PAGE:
CAUSE OF DEATH
The cause of death, according to the death certificate, was traumatic injuries.
Recommendation #1: Ensure forklift operators follow the directions of workers directing traffic.
Discussion: Heavy equipment operators usually have designated areas where they can operate and park. In this case, the forklifts had a specific area assigned to them for parking when not in use. In this incident, the victim directed the forklift operator toward the forklift parking lot. The forklift operator instead turned the forklift in a different direction, toward the employees’ parking lot. By not following the victim’s directions, the operator changed the conditions under which the victim made his assumptions about safe areas to walk. As a trained and licensed operator, he should have followed the directions of those directing traffic. Employers can ensure safe work practices by establishing work procedures through programs of training, supervision, safe work recognition, and progressive disciplinary measures.
Recommendation #2: Consider installing structures that would ensure protection to employees on foot in the area of forklift.
Discussion: Traffic controllers, security guards, and other employees whose duties require them to work in close proximity to forklifts and other heavy equipment with large blind spots are often in need of a greater degree of protection than workers exposed to smaller vehicles. At any given moment a change could occur that places them in immediate danger. Crows nests, traffic control towers, or other structures remove the workers from immediate danger while allowing them to perform their duties.
Recommendation #3: Ensure that employees directing traffic have formal training in traffic control.
Discussion: A key concept in traffic control safety training is that the person directing traffic should always face oncoming traffic. Had the victim been trained in traffic control and always faced the forklift, he would have seen that the operator was not following his directions, and this incident might have been prevented.
- California Code of Regulations, Vol. 9, Title 8, Sections 3661(c), 3664(b), 3668(a)
FATALITY ASSESSMENT AND CONTROL EVALUATION PROGRAM
The California Department of Health Services, in cooperation with the California Public Health Institute, and the National Institute for Occupational Safety and Health (NIOSH), conducts investigations on work-related fatalities. The goal of this program, known as the California Fatality Assessment and Control Evaluation (CA/FACE), is to prevent fatal work injuries in the future. CA/FACE aims to achieve this goal by studying the work environment, the worker, the task the worker was performing, the tools the worker was using, the energy exchange resulting in fatal injury, and the role of management in controlling how these factors interact.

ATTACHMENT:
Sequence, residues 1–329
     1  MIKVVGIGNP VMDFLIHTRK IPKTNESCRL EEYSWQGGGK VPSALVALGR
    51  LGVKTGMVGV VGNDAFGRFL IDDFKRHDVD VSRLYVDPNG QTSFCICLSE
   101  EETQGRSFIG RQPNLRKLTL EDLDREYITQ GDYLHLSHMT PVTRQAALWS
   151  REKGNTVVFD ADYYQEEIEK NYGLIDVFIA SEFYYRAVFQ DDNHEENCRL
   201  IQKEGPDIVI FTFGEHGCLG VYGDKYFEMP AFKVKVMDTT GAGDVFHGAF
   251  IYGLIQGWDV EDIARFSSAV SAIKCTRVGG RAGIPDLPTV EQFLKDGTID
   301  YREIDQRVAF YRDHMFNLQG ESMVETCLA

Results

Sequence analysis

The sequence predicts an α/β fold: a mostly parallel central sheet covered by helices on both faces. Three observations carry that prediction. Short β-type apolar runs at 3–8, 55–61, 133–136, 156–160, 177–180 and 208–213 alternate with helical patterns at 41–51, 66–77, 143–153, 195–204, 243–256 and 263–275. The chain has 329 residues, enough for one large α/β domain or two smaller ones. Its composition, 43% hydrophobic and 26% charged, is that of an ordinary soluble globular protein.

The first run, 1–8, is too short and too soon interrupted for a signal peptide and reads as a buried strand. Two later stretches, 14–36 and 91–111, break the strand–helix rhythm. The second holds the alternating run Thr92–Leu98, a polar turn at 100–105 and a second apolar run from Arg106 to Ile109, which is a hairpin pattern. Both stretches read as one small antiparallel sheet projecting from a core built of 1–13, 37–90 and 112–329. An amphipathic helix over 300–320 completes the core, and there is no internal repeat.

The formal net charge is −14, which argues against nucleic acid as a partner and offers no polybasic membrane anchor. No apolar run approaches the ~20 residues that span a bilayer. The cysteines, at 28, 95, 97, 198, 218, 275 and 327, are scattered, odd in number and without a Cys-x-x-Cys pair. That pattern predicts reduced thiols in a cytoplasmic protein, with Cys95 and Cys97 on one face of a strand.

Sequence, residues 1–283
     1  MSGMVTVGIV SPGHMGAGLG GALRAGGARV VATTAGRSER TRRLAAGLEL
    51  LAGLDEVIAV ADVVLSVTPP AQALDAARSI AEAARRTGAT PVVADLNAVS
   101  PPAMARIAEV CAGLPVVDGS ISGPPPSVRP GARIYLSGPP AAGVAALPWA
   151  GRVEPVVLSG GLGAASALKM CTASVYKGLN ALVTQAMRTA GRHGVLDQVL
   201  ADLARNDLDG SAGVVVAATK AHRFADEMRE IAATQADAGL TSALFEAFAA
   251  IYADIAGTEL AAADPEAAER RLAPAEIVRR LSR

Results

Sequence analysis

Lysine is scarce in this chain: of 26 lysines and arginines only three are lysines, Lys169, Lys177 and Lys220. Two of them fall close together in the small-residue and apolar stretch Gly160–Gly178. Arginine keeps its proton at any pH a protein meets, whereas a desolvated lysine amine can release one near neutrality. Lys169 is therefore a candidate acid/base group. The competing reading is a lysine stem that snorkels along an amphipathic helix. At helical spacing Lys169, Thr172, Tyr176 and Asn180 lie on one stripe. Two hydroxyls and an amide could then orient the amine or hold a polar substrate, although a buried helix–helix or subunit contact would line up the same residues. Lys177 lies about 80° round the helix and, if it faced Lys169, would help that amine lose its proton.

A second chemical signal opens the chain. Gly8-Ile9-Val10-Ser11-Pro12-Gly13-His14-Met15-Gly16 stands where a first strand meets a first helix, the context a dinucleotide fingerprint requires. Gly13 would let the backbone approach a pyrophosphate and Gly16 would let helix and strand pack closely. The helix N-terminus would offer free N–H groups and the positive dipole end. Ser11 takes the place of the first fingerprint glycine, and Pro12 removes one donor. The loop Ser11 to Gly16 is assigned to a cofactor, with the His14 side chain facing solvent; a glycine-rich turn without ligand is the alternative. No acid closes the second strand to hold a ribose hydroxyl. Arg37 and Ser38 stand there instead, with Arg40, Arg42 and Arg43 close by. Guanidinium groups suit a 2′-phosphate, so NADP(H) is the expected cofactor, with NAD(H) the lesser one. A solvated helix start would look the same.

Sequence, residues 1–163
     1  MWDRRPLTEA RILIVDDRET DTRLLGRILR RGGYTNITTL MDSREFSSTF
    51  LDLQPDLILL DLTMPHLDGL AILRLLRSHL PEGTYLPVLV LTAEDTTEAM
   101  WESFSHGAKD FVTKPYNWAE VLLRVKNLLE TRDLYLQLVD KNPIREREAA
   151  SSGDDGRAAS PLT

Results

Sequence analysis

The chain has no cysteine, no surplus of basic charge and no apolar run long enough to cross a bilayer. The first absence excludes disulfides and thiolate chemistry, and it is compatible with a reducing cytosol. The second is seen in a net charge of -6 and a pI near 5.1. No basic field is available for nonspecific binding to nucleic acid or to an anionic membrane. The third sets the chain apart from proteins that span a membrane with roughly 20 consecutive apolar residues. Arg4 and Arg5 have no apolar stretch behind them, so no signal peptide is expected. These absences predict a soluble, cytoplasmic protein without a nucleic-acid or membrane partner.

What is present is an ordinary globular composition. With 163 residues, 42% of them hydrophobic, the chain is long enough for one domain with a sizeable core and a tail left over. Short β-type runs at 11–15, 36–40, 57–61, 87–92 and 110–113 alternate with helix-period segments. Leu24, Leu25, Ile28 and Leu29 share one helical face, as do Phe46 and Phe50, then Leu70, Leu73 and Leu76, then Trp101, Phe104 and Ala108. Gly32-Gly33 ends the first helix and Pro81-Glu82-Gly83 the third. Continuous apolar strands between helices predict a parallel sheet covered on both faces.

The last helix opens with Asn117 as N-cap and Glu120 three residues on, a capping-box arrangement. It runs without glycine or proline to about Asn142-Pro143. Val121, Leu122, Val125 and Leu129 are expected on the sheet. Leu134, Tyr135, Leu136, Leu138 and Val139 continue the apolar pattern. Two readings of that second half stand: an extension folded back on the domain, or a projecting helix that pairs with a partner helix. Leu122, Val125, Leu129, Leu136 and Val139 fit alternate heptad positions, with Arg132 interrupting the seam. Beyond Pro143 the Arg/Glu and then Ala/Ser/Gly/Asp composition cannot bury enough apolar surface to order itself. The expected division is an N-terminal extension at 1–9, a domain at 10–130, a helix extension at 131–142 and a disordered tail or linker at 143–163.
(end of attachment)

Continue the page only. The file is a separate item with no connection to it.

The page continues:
NIOSH funded state-based FACE programs include: Alaska, California, Iowa, Kentucky, Massachusetts, Michigan, Minnesota, Nebraska, New Jersey, New York, Oklahoma, Oregon, Washington, West Virginia, and Wisconsin.
To contact California State FACE program personnel regarding State-based FACE reports, please use information listed on the Contact Sheet on the NIOSH FACE website. Please contact In-house FACE program personnel regarding In-house FACE reports and to gain assistance when State-FACE program personnel cannot be reached.
|Exhibit 1. A side view of a forklift “top handler” similar to the one involved in the incident.|
|Exhibit 2. A rear view of a forklift “top handler” similar to the one involved in the incident.|
|Exhibit 3. A picture of the incident scene looking west. The forklift came from the area to the right of the picture.|
|Exhibit 4. A picture of the incident scene looking east. The forklift parking area is on the right of the picture. The employee parking lot is on the left of the picture. The top handler was headed to the area on the left of the picture.|
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- Page last reviewed: November 18, 2015
- Page last updated: October 15, 2014
- Content source:
- National Institute for Occupational Safety and Health Division of Safety Research